The Better-Be-Amazing Spider-Man

I’ve just this moment allowed myself to get excited about this coming summer’s tie-in for Sony’s The Amazing Spider-Man. Movie franchises don’t usually fare well when it comes to videogames. I’d even go as far to say they’ve set a sort of benchmark as far as how the shoddily made, cash-cow corner of the games industry is seen by gaming fans. Ignoring movies’ games altogether, even Spidey’s not fared so well on current-gen machines. Spider-Man 3 was a buggy mess, Shattered Dimensions a schizophrenic slab of mashed potential and Web of Shadows is just plain yuck. Beenox, who’ve had their hands on the Spider-license for a couple games’ worth now, have just yesterday announced their intention to return to their next title the sandbox elements of past games (including the thus-far self-descreptive Ultimate Spider-Man) as well as releasing a sliver of promotion quickly derided by the savvy as looking perhaps a little too much like Mirror’s Edge (like any bugger played Mirror’s Edge.)

The veryhardtofault Spider-Man 2

So up until this point I was totally disinterested, to the extent that I hadn’t even thought about it in ages. I’ve been spurned by Spider-Man games in the past and really hadn’t paid these developments any mind at all. Then it hit me. As I nursed the burgeoning bruise, I recalled the last time the jump to sandbox gaming was announced to support a movie and it resulted in the superlative Spider-Man 2, a game at least as good as the excellent film it was attached to and at that time the best representation the character’d ever enjoyed on home systems (and that’s Maximum Carnage INCLUDED, you nostalgics!) And then I got to thinking just how much I’d enjoyed the really good Spider-games. I mean, here’s a character who lends himself and his whole world really well to the sort of interactive escapism best offered in shiny disc form on now- uniformly black, whirring consoles. Satisfying combat, seemingly-limitless platforming and an inherent humour (unless we’re talking mid-90s, wants-to-be-dead Spider-Man. Ugh…) makes for a heady mix and made for at least two must-own titles. Why can’t we have that again? Why can’t we? Who says? WHO? WHY NOT? WHO ARE YOU TO DENY ME MY…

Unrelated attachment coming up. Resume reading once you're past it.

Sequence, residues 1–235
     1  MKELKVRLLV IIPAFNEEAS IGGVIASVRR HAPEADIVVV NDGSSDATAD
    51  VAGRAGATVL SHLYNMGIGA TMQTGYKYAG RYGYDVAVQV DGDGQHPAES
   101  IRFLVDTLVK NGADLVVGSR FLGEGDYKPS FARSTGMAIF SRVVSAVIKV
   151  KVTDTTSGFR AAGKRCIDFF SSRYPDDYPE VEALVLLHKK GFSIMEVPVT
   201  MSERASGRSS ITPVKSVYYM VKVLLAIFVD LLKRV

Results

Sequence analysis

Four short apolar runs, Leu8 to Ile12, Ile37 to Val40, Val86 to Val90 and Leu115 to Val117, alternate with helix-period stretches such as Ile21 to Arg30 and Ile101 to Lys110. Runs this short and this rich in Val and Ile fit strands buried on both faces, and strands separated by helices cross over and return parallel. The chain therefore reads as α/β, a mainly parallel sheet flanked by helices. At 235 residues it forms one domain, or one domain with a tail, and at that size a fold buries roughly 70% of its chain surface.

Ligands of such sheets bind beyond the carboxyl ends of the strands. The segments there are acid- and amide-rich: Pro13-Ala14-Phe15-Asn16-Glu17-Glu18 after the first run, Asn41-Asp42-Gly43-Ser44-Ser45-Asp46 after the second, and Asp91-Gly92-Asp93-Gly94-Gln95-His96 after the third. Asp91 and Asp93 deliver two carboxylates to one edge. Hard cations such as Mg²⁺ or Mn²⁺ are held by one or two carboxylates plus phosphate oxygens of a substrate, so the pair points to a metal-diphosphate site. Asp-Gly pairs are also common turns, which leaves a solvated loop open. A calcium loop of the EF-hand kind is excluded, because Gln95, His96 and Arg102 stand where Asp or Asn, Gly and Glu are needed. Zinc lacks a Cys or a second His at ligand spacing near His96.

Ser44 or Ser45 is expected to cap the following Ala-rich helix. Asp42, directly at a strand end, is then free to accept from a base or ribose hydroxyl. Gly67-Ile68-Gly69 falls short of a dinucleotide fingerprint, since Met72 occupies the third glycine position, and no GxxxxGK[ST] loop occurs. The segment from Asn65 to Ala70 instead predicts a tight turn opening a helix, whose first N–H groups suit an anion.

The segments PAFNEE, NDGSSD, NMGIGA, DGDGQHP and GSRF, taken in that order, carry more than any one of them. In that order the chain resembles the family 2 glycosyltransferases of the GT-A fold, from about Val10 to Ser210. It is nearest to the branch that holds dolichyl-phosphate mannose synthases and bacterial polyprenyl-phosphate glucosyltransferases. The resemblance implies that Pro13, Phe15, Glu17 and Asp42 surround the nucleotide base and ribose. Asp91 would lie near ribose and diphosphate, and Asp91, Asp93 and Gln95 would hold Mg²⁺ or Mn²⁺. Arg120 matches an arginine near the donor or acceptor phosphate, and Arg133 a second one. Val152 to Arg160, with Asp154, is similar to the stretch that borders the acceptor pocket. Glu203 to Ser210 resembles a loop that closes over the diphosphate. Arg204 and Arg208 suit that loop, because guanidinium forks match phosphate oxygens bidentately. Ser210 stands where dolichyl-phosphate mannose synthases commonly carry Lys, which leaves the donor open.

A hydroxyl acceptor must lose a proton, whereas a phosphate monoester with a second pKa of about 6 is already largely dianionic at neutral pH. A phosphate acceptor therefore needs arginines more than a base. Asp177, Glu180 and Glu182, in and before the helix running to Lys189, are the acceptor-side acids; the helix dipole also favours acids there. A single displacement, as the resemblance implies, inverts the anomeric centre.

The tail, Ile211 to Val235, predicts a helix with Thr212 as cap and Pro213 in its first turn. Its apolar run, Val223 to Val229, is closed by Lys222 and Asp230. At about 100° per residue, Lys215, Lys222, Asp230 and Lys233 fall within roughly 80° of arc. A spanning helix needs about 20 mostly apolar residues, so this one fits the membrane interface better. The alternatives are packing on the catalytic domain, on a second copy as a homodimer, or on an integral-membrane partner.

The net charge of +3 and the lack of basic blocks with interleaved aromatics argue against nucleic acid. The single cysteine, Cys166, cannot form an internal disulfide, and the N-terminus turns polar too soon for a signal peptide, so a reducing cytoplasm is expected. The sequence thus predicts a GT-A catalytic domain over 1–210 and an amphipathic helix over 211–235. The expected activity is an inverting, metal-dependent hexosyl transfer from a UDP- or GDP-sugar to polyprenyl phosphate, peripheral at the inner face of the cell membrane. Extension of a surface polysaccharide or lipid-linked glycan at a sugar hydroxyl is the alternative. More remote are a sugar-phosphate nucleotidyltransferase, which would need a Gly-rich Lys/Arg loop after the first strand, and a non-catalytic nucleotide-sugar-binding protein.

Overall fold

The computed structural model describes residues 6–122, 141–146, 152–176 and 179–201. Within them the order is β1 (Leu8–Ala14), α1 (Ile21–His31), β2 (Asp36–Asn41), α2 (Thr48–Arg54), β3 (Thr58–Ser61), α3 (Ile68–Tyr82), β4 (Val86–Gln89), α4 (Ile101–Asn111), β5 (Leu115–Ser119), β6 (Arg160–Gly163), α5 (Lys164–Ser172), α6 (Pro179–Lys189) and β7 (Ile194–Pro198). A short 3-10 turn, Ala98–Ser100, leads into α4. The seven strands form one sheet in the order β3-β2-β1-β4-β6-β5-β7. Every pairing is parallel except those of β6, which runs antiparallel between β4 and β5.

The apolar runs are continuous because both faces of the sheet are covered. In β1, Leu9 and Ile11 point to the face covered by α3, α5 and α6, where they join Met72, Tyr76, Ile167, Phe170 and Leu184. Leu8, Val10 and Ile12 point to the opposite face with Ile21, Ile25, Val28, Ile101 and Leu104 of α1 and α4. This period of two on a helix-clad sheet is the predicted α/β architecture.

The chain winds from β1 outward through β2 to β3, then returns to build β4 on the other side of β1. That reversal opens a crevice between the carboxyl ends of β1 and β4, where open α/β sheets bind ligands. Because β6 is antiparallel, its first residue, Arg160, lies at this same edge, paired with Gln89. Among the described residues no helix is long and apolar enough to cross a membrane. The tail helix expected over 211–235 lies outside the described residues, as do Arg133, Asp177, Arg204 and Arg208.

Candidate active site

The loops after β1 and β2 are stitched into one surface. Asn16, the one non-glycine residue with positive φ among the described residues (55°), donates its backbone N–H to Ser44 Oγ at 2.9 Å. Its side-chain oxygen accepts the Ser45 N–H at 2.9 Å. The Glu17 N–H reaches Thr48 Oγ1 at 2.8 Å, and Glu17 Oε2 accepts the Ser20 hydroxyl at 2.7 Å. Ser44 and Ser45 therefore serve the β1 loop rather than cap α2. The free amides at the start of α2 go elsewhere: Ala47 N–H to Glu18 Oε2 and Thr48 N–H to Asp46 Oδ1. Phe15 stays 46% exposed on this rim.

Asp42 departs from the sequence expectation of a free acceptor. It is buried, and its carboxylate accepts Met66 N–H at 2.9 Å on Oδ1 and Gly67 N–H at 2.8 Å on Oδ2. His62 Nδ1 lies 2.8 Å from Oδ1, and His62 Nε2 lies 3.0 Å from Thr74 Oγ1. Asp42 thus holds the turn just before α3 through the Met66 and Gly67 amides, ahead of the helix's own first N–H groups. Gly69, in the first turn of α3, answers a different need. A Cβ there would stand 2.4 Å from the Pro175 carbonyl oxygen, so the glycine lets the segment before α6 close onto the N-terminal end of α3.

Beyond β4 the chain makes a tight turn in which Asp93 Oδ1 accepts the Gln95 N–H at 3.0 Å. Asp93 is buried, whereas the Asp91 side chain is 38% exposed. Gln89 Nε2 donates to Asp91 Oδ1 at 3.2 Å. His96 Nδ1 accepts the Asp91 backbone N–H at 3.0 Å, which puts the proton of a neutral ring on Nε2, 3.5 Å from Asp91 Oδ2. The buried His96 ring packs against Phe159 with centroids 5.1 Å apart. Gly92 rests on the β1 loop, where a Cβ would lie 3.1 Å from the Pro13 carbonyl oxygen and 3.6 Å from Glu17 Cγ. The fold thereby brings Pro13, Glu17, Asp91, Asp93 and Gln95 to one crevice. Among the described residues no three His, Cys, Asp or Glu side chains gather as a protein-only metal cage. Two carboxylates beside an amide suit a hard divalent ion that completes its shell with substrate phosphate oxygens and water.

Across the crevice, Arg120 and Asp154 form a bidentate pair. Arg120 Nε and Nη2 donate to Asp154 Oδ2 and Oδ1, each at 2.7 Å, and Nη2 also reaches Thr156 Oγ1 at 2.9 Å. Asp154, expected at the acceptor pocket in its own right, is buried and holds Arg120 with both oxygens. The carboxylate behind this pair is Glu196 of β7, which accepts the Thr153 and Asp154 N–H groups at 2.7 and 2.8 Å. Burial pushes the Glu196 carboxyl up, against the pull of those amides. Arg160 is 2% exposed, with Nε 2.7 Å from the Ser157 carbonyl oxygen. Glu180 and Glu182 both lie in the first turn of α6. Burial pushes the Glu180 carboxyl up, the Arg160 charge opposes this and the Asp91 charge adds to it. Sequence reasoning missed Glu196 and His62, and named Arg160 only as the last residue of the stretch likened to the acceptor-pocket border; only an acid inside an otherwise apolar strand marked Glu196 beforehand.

I need to lay off the 5am Vanilla Cokes.


So it looks a little like Mirror’s Whatever. Who cares? It’s not like Faith McGruder (as far as I know she has no surname, so I’ve given her one of the best) owns the franchise on building-to-building travel. Good ol’ Pete’s been at it for fifty years now, ferchrissakes. I don’t imagine, with all the development since 2004, that a half-decent Spider-Man game in which you slap jerks upside the jaw, rescue portly contractors from the edges of rooves (my preferred, wholly incorrect pluralisation) and practice Uncle Ben’s credo of “Perfect, every time”* would be that hard to make. It’d be harder to get it wrong, you ask me.

So there it is. A declaration, perhaps naive, of pre-Amazement at the prospect of the first decent Spider-Man game in far, far too long. I don’t want it to be like Arkham City: Rocksteady have the grim ‘n’ gritty covered just fine, thanks. Gimme Puny Parker swinging webs and slinging jokes against the brightest blue Ney York skyline you can muster and I’ll be your forever, Beenox.

*Whoops. Wrong Uncle Ben…

For more things and words and that including fairly regular mentions of Spider-Man and plenty more pluralisation-centric humour (more than you can shake a stick at, or would ever ever want in a million lifetimes), check out Rambleast forthwith.


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